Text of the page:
Warfighter Support: Continued Actions Needed by DOD to Improve and Institutionalize Contractor Support in Contingency Operations - GAO Report
|Date:||March 17, 2010|
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|Agency: Department of Defense|
Air Force Contract Augmentation Program (AFCAP)
Department of Defense contractors
Logistics Civil Augmentation Program (LOGCAP)
Military personnel deployment
Synchronized Pre-Deployment and Operational Tracker Database
The Department of Defense (DOD) relies greatly on contractors to support its current operations and is likely to continue to depend on contractors in support of future operations. As of December 2009, DOD estimated that over 207,000 contractor personnel were supporting operations in Iraq and Afghanistan. DOD expects to increase the number of contractors as more troops deploy to Afghanistan. The use of contractors in contingencies has challenged DOD in overseeing and managing contractors. This testimony addresses (1) the challenges DOD faces when trying to provide management and oversight of contractors in Iraq and Afghanistan, and (2) the extent to which DOD has made progress in institutionalizing a department- wide approach to managing and overseeing operational contract support. Today's testimony is based on GAO's ongoing audit work in Iraq and Afghanistan, looking at planning for operational contract support and at DOD's efforts to manage and oversee contractors, as well as on recently published related GAO reports and testimonies.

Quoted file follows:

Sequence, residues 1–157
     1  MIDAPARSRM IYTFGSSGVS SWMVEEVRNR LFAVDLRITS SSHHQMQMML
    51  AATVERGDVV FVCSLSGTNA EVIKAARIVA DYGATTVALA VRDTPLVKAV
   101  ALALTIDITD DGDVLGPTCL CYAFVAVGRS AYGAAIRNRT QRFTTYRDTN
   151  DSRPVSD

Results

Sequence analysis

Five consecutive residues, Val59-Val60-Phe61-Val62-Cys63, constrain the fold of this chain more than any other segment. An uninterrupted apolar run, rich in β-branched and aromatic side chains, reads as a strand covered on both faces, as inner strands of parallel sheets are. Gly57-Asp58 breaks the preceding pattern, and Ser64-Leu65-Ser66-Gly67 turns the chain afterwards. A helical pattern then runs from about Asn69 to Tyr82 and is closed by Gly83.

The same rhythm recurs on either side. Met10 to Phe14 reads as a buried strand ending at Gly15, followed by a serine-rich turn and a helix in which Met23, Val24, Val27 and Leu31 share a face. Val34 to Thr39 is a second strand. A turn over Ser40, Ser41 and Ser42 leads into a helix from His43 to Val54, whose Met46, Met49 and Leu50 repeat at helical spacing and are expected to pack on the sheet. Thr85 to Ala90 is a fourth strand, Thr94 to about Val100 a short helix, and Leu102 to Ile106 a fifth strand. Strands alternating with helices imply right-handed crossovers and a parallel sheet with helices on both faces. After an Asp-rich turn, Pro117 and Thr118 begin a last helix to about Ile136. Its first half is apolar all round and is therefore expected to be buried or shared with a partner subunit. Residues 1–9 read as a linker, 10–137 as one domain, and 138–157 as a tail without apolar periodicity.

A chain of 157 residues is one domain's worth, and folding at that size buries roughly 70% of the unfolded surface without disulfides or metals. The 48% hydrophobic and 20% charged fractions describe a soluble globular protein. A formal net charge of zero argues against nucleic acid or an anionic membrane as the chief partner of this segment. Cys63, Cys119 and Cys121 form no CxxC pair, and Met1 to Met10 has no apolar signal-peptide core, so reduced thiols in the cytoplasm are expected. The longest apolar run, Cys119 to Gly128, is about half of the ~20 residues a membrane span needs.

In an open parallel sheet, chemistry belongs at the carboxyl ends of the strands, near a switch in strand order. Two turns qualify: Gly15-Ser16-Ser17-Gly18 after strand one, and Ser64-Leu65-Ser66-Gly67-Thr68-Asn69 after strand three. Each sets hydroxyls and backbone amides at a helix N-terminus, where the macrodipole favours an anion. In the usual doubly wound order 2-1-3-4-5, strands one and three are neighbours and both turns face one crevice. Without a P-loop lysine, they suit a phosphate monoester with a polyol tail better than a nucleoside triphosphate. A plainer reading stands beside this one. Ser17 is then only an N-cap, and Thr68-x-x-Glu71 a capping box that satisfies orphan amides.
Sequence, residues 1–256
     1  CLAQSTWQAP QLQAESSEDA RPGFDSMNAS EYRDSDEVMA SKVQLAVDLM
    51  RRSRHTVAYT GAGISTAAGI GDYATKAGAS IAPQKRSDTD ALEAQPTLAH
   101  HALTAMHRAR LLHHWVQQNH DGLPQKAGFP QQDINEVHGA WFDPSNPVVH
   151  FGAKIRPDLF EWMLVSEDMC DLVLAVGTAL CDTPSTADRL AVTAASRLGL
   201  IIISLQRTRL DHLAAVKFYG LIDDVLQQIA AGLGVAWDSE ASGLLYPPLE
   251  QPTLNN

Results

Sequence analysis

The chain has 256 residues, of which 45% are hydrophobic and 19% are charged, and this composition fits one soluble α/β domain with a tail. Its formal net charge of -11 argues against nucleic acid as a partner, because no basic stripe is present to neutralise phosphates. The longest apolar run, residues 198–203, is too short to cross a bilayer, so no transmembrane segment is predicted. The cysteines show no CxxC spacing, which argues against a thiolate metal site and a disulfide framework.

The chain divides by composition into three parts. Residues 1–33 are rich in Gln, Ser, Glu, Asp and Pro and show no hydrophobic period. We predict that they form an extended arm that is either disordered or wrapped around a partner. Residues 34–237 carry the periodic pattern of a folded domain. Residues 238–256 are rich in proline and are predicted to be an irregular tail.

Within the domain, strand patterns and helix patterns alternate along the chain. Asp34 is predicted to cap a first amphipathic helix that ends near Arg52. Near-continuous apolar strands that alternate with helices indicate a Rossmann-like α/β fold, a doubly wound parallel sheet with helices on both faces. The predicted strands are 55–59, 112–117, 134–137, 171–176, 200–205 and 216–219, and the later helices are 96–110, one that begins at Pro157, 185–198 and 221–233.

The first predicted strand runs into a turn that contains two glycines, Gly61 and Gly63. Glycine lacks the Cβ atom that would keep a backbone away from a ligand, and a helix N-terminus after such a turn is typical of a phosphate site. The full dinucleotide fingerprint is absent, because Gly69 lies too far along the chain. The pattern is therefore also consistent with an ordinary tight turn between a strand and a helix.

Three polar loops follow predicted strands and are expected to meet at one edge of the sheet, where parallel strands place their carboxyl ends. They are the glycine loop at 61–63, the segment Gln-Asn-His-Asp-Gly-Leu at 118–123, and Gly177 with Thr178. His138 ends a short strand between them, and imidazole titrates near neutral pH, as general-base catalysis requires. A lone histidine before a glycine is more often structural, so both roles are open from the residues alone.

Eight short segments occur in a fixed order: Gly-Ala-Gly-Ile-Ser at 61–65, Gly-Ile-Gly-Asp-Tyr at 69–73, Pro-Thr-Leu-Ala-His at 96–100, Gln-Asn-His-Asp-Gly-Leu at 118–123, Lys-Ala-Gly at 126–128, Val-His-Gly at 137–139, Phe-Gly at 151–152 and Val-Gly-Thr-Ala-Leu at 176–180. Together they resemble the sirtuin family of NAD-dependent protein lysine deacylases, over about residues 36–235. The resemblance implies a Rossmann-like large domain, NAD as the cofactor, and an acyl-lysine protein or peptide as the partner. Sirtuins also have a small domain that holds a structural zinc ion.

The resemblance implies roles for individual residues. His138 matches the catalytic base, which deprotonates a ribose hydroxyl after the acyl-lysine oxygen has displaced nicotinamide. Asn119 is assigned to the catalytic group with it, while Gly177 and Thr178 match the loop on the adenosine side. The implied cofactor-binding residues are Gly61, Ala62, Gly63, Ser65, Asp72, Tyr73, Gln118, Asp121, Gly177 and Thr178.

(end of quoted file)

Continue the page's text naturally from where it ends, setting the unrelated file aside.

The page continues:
DOD continues to face a number of challenges overseeing and managing contractors in ongoing operations. These challenges include: (1) Providing an adequate number of personnel to conduct oversight and management of contractors. (2) Training personnel, including non-acquisition personnel such as unit commanders, on how to work effectively with contractors in operations. (3) Ensuring that local and third-country nationals have been properly screened, given the lack of standardized documents, the lack of national police agencies in many countries, and poor record keeping in many countries. (4) Compiling reliable data on the number of contractor personnel supporting U.S. forces in contingencies. (5) Identifying requirements for contractor support in ongoing operations, although GAO notes that some steps have been taken at the individual unit level. GAO has made many recommendations in the past aimed at addressing each of these challenges. While DOD has implemented some of our recommendations, it has been slow to implement others. For example, DOD has not developed agency-wide procedures to screen foreign national contractor personnel. In addition, the department has not fully addressed congressional direction to include operational contract support in predeployment training. Until DOD has fully implemented GAO's recommendations and congressional direction, it will not be in a position to ensure adequate management and oversight of contractors in contingency operations. Furthermore, inattention to these challenges may negatively affect the military's mission through the inefficient use of personnel, may increase the risk to U.S. personnel through inadequate background screenings, and may result in increased waste of taxpayer dollars. While DOD has taken some actions to institutionalize operational contract support, significant work remains to be done. For example, in 2006 DOD established the Assistant Deputy Under Secretary of Defense (Program Support) to act as a focal point for DOD's efforts to improve contract management and oversight at deployed locations. In addition, the department has issued a variety of contractor-related guidance, including the Joint Contingency Contracting Handbook and a Joint Publication that establishes doctrine for operational contract support; however, other guidance, including an Expeditionary Contracting Policy and an update of the DOD Instruction on Contractors Accompanying the Force, has yet to be finalized. Our ongoing work has also shown that the department continues to face challenges identifying contractor requirements in its plans for future operations. Until DOD institutionalizes operational contract support by incorporating it into its guidance, training, and planning, the department may continue to confront the challenges it faces in Iraq and Afghanistan in future operations.